An ATM found in the woods of Deer Isle in November was put there as a prank. Credit: Hancock County Sheriff's Office

Sarah Doremus and Buzz Masters love a good laugh, but don’t call what they do practical jokes.

Such jokes, they say, at least imply the infliction of embarrassment upon someone, and the two 60-something women don’t have that at all in mind whenever they unleash their particularly deadpan form of humorous creativity upon their neighbors of Deer Isle.

Remember the broken ATM machine set up in the woods last month off Dexter Farm Road, in North Deer Isle? They say, and the Hancock County Sheriff’s Office confirms, that it is theirs — probably the strangest placement of an automated teller machine since the very first one was installed at a Barclays in North London in 1967.

“It is almost like installation art,” Doremus said.

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The ATM was not the first item the two, who are artists who have been good friends for about four years now, have installed outdoors as an attempt at mirth. They say that they have nailed a medicine cabinet to a tree in some woods in Deer Isle — they refuse to say precisely where — with several items inside it, including bug spray, nail polish, a copy of the U.S. Constitution, lipstick and bandages.

Most of the items they use come from the Deer Isle town dump.

“We are kind of following along with the humor of Deer Isle. It’s quirky. It is unique,” Masters said. “We have a huge fishing industry here and it is still going. Because of that, the culture here is all about fishing and family. I think there’s an incredibly dry sense of humor here. And how do you entertain yourself when you are not fishing? I think there’s a little trickery that goes along with that. It’s a little Wild West-y.”

“There is a strong sense of independence here,” Doremus said, “and you save everything. That dump is not just a dump. It’s a free store. I teach art at one of the local schools. I augment half of my [school supplies] budget with things that I bring from the dump.”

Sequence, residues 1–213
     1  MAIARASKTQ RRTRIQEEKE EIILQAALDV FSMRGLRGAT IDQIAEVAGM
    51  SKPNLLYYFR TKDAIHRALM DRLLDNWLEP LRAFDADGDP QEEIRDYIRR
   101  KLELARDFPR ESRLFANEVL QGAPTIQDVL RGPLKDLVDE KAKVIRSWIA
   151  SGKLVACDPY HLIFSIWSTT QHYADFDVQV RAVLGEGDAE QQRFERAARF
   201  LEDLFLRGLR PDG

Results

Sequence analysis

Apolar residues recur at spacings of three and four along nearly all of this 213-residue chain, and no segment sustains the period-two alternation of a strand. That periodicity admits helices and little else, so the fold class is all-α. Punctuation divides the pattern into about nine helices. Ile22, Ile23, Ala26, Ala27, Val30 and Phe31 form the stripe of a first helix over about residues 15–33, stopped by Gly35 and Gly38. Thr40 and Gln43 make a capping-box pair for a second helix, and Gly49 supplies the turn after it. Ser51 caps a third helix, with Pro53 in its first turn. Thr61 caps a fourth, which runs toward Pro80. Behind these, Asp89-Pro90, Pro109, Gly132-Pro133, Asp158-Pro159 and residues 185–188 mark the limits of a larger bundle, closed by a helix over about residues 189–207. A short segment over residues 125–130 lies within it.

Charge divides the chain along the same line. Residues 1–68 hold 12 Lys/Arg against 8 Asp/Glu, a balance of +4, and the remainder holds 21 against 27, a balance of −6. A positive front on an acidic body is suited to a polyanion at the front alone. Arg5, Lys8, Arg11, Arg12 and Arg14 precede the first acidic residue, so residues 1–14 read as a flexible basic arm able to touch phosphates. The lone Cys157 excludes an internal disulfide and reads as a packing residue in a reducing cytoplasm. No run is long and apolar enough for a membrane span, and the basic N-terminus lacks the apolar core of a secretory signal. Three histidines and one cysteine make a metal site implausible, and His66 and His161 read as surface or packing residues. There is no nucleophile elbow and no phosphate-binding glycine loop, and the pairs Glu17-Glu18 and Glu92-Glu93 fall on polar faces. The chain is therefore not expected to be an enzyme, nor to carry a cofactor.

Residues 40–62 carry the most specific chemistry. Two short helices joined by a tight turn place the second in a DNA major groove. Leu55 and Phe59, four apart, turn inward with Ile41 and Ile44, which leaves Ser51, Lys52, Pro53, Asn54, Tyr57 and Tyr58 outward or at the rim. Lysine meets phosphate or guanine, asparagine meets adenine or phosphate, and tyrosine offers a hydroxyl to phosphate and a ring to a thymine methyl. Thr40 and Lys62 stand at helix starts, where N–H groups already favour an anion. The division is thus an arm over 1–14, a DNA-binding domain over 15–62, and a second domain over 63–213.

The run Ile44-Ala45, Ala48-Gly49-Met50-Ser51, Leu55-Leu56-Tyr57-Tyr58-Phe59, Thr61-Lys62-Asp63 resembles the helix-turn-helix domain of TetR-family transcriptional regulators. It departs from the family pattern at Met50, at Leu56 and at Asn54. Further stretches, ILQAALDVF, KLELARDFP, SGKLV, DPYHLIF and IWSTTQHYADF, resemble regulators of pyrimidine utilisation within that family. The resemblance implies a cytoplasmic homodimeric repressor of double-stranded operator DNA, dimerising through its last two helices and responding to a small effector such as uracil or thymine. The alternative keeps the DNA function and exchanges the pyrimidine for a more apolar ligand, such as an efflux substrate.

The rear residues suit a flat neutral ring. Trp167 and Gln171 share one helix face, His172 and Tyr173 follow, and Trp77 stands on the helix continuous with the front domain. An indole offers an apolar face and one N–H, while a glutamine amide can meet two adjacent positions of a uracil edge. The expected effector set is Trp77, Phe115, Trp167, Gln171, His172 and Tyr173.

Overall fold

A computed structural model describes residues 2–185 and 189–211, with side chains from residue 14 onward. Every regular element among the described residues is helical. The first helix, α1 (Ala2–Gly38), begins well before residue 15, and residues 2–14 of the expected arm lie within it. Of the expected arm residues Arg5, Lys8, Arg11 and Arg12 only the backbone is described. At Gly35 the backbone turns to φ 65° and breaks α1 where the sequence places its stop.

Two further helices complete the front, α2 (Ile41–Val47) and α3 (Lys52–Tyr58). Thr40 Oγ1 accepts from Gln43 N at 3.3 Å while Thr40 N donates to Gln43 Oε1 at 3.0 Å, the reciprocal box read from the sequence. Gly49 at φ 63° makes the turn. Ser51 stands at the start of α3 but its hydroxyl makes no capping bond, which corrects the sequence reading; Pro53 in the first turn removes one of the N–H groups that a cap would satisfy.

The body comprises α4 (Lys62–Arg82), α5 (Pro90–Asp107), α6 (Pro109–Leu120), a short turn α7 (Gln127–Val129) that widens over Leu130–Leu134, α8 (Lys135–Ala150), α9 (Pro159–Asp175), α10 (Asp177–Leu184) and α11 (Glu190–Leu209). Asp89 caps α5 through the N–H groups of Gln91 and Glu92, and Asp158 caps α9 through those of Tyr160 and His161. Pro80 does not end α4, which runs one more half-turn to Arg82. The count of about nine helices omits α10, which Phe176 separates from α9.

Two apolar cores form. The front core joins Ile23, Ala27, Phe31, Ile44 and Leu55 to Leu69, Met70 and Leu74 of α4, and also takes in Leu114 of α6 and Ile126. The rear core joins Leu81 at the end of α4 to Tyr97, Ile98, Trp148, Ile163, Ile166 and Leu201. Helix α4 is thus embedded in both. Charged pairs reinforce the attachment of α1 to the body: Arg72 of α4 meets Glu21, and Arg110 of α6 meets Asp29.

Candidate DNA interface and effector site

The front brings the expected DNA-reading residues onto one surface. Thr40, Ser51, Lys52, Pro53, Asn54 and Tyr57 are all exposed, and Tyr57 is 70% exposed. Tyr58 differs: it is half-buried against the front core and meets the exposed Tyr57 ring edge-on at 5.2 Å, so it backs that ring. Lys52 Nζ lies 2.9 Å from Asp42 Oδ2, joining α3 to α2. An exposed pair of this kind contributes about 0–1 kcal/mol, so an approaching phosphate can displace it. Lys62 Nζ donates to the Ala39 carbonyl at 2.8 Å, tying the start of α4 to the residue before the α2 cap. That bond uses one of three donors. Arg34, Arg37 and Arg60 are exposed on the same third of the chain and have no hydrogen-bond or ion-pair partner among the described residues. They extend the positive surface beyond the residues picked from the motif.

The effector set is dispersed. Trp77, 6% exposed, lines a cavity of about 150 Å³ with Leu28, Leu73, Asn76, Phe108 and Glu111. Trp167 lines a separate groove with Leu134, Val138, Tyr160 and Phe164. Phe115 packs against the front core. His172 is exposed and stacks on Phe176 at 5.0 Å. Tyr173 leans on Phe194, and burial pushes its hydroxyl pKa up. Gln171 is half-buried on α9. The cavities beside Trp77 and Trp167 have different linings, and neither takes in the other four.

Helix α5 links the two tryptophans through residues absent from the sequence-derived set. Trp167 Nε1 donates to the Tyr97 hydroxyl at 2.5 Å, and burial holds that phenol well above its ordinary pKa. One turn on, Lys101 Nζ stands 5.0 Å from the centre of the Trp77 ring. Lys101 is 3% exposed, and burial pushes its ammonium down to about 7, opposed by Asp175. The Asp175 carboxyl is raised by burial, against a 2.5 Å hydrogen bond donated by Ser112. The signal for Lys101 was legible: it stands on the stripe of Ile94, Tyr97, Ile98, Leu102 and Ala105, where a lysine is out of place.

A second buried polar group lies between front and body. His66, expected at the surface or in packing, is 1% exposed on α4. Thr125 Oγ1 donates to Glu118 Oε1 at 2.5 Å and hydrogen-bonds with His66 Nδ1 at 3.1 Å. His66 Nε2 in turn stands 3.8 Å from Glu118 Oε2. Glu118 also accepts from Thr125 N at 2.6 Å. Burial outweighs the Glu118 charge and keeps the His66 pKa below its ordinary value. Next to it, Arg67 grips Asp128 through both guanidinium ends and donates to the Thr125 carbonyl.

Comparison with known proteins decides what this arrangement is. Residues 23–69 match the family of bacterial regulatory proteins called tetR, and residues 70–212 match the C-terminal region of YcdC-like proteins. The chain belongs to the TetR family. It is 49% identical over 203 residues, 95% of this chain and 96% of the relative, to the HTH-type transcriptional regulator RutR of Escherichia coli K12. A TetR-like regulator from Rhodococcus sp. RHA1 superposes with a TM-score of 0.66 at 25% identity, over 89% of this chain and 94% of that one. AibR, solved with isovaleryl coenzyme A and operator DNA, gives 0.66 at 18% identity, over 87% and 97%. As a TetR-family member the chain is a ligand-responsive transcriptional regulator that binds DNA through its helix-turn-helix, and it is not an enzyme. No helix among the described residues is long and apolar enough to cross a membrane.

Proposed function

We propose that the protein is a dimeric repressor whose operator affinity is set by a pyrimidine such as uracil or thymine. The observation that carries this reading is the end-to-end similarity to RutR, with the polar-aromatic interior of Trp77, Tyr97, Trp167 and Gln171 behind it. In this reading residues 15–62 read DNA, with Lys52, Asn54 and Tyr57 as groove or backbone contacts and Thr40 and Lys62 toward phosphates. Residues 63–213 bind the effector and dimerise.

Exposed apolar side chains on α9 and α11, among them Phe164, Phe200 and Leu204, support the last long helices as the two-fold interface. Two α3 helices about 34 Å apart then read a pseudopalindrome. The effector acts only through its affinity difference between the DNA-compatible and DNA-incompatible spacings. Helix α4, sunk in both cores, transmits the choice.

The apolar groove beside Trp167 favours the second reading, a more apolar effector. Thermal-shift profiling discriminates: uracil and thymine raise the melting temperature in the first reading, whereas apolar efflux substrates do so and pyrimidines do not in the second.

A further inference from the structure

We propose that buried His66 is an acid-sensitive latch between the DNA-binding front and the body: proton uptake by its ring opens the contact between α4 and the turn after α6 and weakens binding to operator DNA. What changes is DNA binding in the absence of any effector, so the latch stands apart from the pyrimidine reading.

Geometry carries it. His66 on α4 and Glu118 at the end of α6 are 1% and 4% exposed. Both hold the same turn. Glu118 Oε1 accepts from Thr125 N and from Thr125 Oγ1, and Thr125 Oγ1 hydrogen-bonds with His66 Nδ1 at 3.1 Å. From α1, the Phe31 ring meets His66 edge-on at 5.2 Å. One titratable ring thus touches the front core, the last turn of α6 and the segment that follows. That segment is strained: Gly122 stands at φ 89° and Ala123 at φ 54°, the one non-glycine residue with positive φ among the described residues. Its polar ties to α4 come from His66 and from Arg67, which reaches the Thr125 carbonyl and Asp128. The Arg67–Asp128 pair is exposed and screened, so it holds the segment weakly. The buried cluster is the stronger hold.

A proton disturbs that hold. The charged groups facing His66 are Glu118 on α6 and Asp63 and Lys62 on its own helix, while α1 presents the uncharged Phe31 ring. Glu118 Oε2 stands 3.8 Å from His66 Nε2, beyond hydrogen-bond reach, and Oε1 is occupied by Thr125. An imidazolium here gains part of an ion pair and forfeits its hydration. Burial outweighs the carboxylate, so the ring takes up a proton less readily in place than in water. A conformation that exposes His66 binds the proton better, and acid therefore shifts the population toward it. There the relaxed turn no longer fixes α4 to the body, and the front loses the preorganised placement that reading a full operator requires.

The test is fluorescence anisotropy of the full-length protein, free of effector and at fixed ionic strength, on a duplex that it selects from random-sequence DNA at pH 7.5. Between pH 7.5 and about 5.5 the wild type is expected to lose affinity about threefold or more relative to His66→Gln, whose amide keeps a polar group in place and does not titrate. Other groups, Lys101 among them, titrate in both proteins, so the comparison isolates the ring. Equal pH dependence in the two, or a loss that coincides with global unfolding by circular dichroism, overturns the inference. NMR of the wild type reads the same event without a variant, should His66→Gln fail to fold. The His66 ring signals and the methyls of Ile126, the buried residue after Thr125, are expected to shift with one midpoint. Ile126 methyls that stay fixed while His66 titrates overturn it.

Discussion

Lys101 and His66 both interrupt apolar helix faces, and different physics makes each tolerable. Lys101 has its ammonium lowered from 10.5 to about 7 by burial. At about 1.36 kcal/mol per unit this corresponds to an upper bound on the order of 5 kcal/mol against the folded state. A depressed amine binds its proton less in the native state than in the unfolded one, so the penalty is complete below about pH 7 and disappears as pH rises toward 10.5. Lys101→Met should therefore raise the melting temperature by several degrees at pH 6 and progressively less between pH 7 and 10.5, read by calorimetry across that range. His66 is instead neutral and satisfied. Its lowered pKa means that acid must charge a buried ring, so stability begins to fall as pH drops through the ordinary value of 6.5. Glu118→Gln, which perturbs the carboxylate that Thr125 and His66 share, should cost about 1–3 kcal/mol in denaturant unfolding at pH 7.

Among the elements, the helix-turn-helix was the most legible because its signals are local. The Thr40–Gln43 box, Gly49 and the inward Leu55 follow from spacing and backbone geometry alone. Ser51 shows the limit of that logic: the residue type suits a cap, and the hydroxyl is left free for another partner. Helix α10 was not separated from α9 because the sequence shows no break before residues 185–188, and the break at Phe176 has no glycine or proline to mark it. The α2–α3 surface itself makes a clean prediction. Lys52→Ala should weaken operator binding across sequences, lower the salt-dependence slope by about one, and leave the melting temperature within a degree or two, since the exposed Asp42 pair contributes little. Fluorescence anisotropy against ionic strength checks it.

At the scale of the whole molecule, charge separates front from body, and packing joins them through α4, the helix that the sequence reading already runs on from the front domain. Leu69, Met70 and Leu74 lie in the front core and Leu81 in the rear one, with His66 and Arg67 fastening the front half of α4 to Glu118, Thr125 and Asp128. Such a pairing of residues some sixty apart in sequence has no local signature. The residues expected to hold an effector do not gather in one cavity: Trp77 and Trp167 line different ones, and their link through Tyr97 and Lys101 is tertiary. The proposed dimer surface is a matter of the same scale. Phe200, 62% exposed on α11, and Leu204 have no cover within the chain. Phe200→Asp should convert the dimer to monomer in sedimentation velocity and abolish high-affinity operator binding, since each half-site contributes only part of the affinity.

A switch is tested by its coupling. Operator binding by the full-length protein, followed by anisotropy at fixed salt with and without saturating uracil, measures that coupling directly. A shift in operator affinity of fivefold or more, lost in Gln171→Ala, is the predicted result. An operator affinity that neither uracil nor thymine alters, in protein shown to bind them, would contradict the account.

Doremus, Masters said, makes jewelry in which her humor is evident. One piece is a necklace with a mirror and a secret compartment behind it that holds a pair of tweezers. It’s called “Be Prepared — Whiskers Happen,” and it’s useful, Masters said.

“If you are 60 like I am and find a whisker on your chin, you can pluck it,” Masters said.

Another piece is a rosary made out of tin cans and cut up credit cards. “It’s about the anxiety that comes with being in debt,” Doremus said.

The quintessential Deer Isle joke, they said, goes something like this:

A tourist walks up to three fishermen on a dock in Stonington. The guy explains that he has a sailboat out in the harbor and that his wife is aboard and kept their dingy with her. He points to a dingy on the dock and asks if they would let him borrow it.

Sure, one fisherman says. Go ahead.

The sailor thanks them profusely, jumps in the dingy and goes out to his boat. He conducts his business there smartly and is equally effusive with his thanks when he returns the dingy to shore.

No problem, a fisherman answers. It’s not ours.

“That’s Deer Isle humor,” Masters said. “Everyone here enjoys a good joke. But it’s not hurtful.”